4 bay leaves
4 garlic cloves, sliced
2 cans white beans, drained and rinsed
½ bunch of coriander (cilantro)
Spring onion (scallion)


Season the oxtails with salt and pepper. Warm the oil and butter in a large saucepan on medium heat, and brown the oxtails in batches.

With all of the browned oxtail removed from the pan, add the bacon, celery (or peppers), onion, garlic and bay leaves. Stirring every minute or so, let the ingredients cook and brown a little. Add back in the browned oxtail and then the cubed tomatoes, and cover with water to around an inch above the meat. Bring to a boil over high heat, and then reduce to a simmer over low heat for at least 3 hours. Ideally the meat should be falling off the bone, so allow 3-5 hours if you can. When the meat is ready, remove from the broth to a bowl and allow to cool a little.

Add half of the beans and half of the broth to a blender and purée. Put the blended and the remaining whole beans back in to the saucepan with the rest of the broth.
Pull the meat from the bones of the oxtail and shred a little as you go. Add this back in to the soup, and mix well and warm over a medium-low heat.

Season the soup with salt and pepper to taste. If your soup is too thick at this stage, add a little more hot water to get the consistency you like to eat. Keep the soup warm over a low heat making sure to stir from time to time so it doesn’t stick to the saucepan.

To serve, garnish generously with coriander (cilantro) and chopped spring onion (scallion). Serve with Tabasco as an optional seasoning on the table.

Frango com Quiabo (Brazilian chicken with okra)

1 Feb

Well, we made it to Brazil. This is B’s home turf of cooking, a world of South American food with a European sensibility. Learning recipes from B is a joy. She is such a natural cook, I know her dad, who by all accounts was a pretty incredible man and cook, had a whole lot to do with that.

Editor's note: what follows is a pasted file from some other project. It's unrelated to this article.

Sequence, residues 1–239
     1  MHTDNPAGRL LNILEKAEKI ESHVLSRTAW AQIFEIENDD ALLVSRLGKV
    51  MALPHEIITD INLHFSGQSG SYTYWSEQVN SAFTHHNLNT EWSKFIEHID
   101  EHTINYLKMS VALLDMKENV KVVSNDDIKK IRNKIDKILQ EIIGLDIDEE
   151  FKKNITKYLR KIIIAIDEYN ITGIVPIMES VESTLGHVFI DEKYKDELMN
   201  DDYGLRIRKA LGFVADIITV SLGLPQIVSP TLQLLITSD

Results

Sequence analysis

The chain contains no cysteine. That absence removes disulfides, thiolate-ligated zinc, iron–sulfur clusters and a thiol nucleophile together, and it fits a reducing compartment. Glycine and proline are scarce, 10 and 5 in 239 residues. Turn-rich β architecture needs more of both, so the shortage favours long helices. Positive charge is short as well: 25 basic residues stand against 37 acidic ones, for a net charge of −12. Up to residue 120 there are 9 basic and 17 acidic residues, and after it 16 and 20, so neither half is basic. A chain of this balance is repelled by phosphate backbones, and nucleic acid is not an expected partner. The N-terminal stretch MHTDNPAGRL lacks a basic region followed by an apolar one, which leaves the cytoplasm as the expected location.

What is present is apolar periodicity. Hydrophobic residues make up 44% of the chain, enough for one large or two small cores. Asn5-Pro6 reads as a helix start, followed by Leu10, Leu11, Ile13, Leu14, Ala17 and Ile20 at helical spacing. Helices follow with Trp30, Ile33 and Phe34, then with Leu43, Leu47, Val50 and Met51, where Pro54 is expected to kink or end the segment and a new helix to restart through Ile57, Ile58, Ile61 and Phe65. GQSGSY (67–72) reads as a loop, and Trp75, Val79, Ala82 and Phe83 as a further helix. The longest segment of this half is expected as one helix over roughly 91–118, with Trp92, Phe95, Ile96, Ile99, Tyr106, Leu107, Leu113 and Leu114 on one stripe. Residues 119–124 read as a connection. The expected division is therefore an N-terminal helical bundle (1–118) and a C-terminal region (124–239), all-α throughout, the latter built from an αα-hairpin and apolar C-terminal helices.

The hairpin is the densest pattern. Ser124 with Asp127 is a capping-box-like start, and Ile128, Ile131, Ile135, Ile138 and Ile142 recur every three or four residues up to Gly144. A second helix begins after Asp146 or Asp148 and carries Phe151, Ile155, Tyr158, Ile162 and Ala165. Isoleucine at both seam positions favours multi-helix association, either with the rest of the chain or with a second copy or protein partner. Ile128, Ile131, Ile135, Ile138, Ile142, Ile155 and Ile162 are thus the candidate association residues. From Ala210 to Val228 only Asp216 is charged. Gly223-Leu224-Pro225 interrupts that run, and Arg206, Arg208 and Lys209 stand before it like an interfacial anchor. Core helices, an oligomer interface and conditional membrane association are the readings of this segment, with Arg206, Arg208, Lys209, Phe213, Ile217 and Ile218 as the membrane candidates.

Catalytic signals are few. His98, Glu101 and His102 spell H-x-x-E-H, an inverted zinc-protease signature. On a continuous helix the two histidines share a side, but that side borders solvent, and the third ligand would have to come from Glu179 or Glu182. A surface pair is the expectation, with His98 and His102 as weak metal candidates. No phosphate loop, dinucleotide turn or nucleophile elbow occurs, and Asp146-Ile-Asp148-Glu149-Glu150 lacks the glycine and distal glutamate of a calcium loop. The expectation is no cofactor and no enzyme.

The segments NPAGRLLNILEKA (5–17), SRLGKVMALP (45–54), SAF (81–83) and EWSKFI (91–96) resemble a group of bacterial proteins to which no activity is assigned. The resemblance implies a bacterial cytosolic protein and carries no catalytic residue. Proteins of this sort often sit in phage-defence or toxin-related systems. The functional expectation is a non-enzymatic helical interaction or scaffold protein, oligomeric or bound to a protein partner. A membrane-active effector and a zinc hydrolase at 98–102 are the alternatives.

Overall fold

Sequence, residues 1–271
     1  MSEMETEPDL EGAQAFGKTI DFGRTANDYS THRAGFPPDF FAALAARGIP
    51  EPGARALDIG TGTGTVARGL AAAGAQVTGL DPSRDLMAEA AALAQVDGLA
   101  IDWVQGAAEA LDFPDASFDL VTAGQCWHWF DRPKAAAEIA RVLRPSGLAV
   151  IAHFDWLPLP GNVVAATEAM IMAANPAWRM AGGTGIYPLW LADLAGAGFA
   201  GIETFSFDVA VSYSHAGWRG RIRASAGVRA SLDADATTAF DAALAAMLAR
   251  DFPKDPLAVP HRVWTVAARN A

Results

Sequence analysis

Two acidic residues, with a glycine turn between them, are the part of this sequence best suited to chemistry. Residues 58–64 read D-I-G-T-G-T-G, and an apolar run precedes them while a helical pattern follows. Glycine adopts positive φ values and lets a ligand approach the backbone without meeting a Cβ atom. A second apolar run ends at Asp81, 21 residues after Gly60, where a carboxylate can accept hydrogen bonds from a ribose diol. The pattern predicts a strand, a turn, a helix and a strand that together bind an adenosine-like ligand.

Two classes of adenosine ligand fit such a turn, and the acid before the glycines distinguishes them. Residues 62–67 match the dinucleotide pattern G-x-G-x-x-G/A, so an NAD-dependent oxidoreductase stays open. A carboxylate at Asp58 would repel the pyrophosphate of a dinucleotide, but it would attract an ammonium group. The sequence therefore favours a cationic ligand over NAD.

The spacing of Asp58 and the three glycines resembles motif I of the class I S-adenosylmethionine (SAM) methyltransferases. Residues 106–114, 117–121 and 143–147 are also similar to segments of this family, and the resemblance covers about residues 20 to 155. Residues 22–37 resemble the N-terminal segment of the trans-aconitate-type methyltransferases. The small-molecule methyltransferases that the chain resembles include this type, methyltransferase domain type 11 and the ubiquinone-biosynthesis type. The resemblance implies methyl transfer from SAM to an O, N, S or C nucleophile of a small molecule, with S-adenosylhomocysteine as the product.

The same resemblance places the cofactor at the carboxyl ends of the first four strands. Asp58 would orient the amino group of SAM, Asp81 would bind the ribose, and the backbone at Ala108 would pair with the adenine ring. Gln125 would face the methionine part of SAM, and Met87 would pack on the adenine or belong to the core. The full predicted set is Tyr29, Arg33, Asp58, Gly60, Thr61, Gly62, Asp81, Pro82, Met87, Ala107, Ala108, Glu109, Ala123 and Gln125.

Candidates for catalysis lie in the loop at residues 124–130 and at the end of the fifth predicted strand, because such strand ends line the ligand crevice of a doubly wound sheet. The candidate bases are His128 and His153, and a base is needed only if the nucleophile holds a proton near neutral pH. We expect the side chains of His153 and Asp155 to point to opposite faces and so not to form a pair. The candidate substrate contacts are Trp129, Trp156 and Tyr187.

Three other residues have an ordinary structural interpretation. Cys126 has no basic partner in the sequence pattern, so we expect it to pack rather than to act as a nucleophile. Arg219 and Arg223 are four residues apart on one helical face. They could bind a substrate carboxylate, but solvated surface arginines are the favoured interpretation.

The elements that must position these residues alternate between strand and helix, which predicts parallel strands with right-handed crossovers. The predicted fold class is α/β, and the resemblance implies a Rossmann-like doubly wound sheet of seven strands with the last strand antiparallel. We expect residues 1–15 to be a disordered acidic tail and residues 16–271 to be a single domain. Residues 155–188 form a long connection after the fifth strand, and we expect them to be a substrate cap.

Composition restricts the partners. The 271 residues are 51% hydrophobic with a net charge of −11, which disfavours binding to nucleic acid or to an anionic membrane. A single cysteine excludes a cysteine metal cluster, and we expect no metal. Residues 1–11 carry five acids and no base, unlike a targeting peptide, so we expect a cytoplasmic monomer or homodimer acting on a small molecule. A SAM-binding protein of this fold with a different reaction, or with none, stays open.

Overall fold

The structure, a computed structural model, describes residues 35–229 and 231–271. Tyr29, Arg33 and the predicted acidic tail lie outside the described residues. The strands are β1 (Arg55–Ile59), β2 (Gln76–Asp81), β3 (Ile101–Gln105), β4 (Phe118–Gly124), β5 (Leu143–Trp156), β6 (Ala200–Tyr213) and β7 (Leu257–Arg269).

I had a look around at traditional Brazilian recipes, and was intrigued by the sound of this chicken which is cooked with vinegar. Okra is a vegetable I have always been afraid of cooking it, given that the texture is dubious to say the least. B allayed my fears by assuring me that with her father Dick’s method, the okra is just lightly steamed, and never stirred, so it does not get slimy at all. She was of course spot on. And the okra that lands in the sauce thickens it perfectly.

You’ll need some chicken thighs still on the bone, garlic, an onion, some small okra, half a green chilli, salt, pepper, olive oil, tomato paste and vinegar… I used super basic white vinegar, it was perfect. Thighs on the bone will give you the best flavour.

The thighs marinate before cooking, for at least an hour, I left them marinating overnight. I’m an overachiever like that.

First step is to make a garlic paste with salt, if you have a mortar and pestle it would be ideal to use that, instead I minced the garlic with a microplane and then mashed the salt in well. This paste is often used as a base of a flavour in Brazilian food.

Then add a couple of grinds of pepper, vinegar and some oil. Mix well.

Chop up the onion, then put the chicken thighs in a container that will sit well in the fridge, and rub well with the paste and the onions. Cover with plastic and leave to marinate refrigerated.

When the chicken has marinated, add enough oil to cover the base of a large heavy bottomed pan, and brown the thighs. I did this in two batches to give the thighs space in the pan. I found I had to keep the heat on medium so as not to over cook the onion while the chicken browned lightly.

When browned, put the chicken in the saucepan together with a generous grind of pepper, and the tomato paste. Then top up with water until just barely covered.

Bring the saucepan to a boil, and allow to simmer turning occasionally until the liquid is reduced by at least half, and the chicken is very tender. Taste for seasoning, and even a little for vinegar if you feel it needs some more acidity. The chilli will add some piquancy.

Chop up the chilli finely, and the okra thinly.

Who would know okra’s ugly exterior would have such a pretty doily like interior when you chop it?